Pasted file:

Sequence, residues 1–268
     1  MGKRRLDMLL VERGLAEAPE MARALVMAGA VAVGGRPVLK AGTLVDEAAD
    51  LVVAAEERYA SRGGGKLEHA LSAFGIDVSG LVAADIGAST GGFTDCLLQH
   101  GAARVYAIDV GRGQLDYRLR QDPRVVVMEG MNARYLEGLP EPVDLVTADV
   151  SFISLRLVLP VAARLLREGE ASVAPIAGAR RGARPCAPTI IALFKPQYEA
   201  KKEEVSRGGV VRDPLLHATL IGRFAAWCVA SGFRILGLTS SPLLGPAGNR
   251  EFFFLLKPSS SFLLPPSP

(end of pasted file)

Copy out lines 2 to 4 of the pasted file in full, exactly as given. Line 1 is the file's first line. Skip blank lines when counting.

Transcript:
     1  MGKRRLDMLL VERGLAEAPE MARALVMAGA VAVGGRPVLK AGTLVDEAAD
    51  LVVAAEERYA SRGGGKLEHA LSAFGIDVSG LVAADIGAST GGFTDCLLQH
   101  GAARVYAIDV GRGQLDYRLR QDPRVVVMEG MNARYLEGLP EPVDLVTADV